If I had accepted that power was out of reach until Saturday, the mold situation, which was already on its way to becoming grim, would have been catastrophic to the historical archives and business records. I did not give up on my team, the collection, or my responsibilities. I rose to the occasion and advocated for the collection in ways that would have been beyond my imagination just one week before. Pushing continual communication with people and making sure they heard me played an integral role in this accomplishment. But there were still more roadblocks ahead.

Over the next couple of days, there were continuing issues with the power. There were faulty cords and boxes, and these issues were causing continual breaker issues. The contractors were quick to dismiss the issues. But the fans, air scrubbers, and dehumidifiers kept turning off due to these power challenges. When the site manager would not take the situation seriously, I went up the chain of command until someone did. That night at 11 p.m., there was an electrical engineer on-site looking into the issue. The next day, higher-capacity power boxes arrived, resolving the power issues. Again, being the squeaky wheel is what moved the project forward and helped us stay proactive rather than reactive. Images below include the original and upgraded power boxes and myself documenting the change of power box size.

Mold Mayhem

While communication issues were the thread throughout most of the complications I encountered during this response effort, the most formidable opponent was mold. An adversary to historical and business records feared and despised by archivists and records managers around the world. I knew that high temperatures and RH levels combined with broken windows and roof damage were ideal conditions for mold growth. No efforts to remedy these issues occurred for five days; even then, it was close to seventy-two hours before generator power was established and mitigation efforts began. As of Friday evening, the mold that we had discovered was very minimal and seemed contained to a WWII uniform jacket and two damp boxes. I was optimistic that we had started mitigation efforts in time to avert major mold issues. Unfortunately, I was wrong.

Mold on the fourth and fifth floors never became an issue, but the sixth floor had mold problems in several areas. This was likely because there was carpet throughout this floor, water saturating most of it. Carpet in a record center or archives is far from a best practice, but it was the situation I inherited when I became director nine months earlier. As soon as we identified the mold, I instated daily morning mold checks on all rooms on all three floors. This procedure led us to discover more mold almost daily for the next week and a half. After discovering any new mold, I documented it in my notes, took pictures, and reported the new growth to the site manager. He and I would do a walk-through of that area, and then the disaster crew would spray the affected area with an antimicrobial and cover it in plastic, which was the disaster company’s standard practice. The images below show mold discovered in various rooms before and after being covered by the disaster response team.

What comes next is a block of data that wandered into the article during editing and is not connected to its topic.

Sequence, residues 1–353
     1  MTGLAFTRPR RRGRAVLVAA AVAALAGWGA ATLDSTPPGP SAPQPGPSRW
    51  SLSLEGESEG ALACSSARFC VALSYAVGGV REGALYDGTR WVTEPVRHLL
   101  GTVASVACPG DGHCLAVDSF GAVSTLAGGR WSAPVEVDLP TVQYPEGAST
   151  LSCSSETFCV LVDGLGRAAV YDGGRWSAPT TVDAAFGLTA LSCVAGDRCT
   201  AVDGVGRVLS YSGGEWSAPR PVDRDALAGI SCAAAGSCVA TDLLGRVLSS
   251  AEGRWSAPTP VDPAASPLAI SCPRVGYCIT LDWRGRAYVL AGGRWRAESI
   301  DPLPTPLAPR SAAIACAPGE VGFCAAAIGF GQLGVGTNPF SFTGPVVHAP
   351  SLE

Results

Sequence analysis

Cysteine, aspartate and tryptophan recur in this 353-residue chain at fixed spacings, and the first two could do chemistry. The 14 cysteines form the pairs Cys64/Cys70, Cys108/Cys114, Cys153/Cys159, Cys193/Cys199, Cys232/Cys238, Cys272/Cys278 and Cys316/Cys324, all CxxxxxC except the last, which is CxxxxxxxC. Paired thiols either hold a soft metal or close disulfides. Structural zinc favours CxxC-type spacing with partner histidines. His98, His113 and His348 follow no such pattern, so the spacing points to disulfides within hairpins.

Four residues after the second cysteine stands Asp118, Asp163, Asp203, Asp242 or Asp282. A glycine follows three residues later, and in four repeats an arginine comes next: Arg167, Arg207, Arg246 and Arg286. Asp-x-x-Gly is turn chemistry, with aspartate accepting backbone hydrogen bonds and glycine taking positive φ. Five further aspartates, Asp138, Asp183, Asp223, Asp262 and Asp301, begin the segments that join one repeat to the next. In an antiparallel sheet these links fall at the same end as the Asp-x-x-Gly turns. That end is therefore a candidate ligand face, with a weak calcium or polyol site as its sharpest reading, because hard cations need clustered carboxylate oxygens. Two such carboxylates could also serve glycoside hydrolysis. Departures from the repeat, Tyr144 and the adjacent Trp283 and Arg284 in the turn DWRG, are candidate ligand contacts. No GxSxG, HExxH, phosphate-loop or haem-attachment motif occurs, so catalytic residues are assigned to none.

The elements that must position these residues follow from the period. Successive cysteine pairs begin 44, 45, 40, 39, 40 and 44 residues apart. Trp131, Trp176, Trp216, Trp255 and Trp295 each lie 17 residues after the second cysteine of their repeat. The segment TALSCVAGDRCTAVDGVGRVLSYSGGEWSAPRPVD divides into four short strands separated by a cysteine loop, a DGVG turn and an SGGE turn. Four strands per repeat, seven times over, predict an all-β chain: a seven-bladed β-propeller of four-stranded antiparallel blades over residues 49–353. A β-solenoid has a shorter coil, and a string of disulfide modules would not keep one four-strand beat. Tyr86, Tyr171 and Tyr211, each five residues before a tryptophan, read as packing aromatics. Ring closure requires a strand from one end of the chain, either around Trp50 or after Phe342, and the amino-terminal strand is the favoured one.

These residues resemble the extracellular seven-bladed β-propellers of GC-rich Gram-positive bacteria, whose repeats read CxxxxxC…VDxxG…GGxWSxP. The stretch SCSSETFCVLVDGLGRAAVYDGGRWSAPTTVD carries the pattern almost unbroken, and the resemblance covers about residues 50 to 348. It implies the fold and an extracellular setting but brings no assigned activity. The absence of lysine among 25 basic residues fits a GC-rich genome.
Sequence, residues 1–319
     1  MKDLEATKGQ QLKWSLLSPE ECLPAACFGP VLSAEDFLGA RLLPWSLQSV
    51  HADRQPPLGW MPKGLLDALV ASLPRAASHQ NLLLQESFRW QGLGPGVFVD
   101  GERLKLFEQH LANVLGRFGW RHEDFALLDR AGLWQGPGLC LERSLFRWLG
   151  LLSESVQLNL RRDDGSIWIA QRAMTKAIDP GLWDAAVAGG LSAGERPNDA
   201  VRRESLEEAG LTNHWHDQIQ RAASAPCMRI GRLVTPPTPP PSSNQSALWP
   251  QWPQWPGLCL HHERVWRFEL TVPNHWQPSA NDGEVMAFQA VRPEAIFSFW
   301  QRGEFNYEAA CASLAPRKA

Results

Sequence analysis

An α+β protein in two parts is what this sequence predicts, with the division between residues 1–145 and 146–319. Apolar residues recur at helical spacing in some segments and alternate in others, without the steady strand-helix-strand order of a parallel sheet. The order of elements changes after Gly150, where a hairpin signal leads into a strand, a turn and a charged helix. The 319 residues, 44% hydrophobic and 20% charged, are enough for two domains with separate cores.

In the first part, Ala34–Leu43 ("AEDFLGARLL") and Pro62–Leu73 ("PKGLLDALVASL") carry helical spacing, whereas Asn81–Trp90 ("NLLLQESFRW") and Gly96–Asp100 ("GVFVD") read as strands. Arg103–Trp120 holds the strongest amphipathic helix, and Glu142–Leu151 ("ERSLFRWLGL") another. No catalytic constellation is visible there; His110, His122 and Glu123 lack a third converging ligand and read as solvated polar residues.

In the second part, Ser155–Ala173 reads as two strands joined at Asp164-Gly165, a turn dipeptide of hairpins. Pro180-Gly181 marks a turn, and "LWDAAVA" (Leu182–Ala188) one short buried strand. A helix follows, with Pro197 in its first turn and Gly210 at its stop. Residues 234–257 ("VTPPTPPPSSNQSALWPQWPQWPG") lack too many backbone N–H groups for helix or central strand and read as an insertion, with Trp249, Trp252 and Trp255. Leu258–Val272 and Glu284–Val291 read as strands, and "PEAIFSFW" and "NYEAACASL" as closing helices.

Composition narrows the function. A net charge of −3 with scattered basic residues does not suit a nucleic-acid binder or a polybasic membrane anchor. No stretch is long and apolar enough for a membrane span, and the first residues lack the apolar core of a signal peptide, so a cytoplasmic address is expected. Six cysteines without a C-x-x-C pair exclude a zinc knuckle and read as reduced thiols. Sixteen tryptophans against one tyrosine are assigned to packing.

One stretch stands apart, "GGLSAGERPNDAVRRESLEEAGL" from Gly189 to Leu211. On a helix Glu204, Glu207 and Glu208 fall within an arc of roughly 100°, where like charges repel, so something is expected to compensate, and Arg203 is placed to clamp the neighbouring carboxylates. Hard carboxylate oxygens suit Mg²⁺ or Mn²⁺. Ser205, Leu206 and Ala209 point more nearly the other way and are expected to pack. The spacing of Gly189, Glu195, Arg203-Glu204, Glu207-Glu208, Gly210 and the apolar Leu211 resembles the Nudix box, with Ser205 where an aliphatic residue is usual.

The disaster response contractor added air scrubbers to areas with mold due to their ability to remove and mitigate fine mold spores in the air. The mold gradually spread into hallways, closets, bathrooms, the kitchen, offices, and records rooms. We needed to move things away from the affected areas, an effort complicated by the fact that there were still no usable elevators. At first, we had to move all of the boxes in these areas down two flights of stairs with a crew of about ten people, including the archivist and myself. This task was arduous and did not thrill my team, especially since the building temperature was in the high 90s, but we had to complete it. As the days went on, elevator power and air conditioning came back online. At this point, the mold had continued to spread and we had to empty whole rooms.

Overall, we had to move close to 1,000 boxes, unboxed and unprocessed papers, and objects of various sizes from the sixth floor to the fourth. Due to mold exposure, we had to wipe down boxes with an antimicrobial spray or rebox them in hopes of ensuring the mold would not transfer to the fourth floor in the process. The archivist and I planned an assembly line and stocked it with needed supplies such as:

  • Signs to denote where to put trash, exposed boxes, and clean boxes.
  • Areas to wipe down and rebox.
  • Sharpies, prebuilt boxes, and lids.
  • Carts for affected boxes and carts for clean boxes.
  • People staged on the sixth and fourth floors.

To ensure we promptly identified and mitigated new mold growth:

  • We continued daily mold checks for a month.
  • In the remaining rooms that held boxed records, we moved all boxes on the bottom row to the fourth floor to allow for a clear line of sight to likely mold spots.
  • We kept a daily log of temperature and humidity for levels on all floors in multiple rooms.

Demolition